I don't disagree at all. Mostly because it mentions the root cause of gun violence....a dehumanization of our neighbors and the cheapening of life.

    Thank you for approaching this from a root cause perspective vs. addressing symptoms that pander to politics and/or emotion.

    When kids kill each other over Air Jordans or because they're throwing a tantrum towards their mom, there's a larger problem and threat to society than inanimate objects. It's the disregard for human life that's the problem.

    Comment


    • #6

      55gibby wrote:

      IMO, both sides of this issue have it wrong.

       

      There is a brand of wrong coming from pro-gun side...  which has become the pro-gun violence stance.  Americans are armed like an army, yet the violence continues and massacres are on the rise.  How could come to the conclusion that all we need is more guns...  this is pure bull**************** from the NRA (the arms manufacturing shills).  It is in the best interest to whip up a frenzy of fear and the send out a few (very few) stories about how someone with a gun saved someone.  Let me help you out, if this story reaches the thousands, then it will have relevance.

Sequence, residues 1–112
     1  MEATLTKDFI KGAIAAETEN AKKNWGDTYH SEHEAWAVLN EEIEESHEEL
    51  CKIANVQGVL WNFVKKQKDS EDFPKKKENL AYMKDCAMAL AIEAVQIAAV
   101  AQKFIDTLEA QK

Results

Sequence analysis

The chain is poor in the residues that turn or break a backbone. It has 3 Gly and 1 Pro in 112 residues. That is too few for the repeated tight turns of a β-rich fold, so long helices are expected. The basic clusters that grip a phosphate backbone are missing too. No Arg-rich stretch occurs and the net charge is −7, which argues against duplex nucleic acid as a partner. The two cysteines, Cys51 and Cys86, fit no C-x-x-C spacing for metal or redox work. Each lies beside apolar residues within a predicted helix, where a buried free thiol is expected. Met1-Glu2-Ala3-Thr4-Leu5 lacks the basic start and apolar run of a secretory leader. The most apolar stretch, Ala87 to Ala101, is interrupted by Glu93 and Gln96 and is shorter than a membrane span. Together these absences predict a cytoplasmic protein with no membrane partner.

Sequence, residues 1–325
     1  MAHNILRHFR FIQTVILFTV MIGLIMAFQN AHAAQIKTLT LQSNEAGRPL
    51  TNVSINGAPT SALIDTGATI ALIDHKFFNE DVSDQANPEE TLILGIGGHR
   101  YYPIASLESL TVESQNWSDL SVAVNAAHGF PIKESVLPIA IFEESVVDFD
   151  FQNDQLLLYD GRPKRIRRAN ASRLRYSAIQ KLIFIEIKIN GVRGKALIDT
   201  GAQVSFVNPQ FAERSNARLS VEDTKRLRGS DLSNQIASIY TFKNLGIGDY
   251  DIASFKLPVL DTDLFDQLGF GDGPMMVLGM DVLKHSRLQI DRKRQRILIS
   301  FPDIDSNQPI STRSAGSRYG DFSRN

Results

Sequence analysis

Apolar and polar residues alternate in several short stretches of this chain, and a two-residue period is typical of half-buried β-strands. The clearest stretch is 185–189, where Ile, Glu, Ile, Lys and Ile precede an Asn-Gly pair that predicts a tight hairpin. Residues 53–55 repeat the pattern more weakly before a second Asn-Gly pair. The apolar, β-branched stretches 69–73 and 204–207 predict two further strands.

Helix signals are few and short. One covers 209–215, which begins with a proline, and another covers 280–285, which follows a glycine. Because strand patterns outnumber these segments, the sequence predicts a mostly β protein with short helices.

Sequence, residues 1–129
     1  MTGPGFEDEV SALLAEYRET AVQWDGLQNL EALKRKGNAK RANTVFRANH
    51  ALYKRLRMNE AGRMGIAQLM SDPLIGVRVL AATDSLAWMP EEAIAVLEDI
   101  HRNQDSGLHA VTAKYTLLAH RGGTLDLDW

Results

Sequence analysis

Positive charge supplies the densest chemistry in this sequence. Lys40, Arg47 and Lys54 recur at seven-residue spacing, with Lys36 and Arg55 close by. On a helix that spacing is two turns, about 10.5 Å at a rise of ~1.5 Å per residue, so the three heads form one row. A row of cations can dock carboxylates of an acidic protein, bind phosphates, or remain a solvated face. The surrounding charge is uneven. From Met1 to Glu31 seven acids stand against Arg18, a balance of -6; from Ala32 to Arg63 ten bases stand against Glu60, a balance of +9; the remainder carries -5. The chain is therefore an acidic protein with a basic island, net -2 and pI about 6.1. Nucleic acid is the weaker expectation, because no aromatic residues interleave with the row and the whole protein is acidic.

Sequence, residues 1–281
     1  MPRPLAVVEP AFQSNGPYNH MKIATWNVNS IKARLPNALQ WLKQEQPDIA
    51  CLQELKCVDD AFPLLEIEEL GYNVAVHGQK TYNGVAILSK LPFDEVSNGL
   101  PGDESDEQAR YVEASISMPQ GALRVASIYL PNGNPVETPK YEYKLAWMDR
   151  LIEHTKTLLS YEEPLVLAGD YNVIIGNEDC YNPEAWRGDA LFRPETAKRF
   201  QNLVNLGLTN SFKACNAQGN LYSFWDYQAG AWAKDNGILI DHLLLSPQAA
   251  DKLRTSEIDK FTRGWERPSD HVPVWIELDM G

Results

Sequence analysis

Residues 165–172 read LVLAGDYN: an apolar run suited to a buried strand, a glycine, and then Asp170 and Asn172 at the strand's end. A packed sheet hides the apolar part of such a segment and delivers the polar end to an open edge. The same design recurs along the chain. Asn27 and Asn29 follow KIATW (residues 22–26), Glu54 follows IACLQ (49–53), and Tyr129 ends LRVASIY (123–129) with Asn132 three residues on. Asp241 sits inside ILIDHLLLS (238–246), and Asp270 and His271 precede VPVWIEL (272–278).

The Anti-gun crowd has it wrong to think that getting rid of guns will stop a massacre.  By banning/limiting gun ownership will only create a "black market" gun economy...  this will work out as well as making drugs illegal.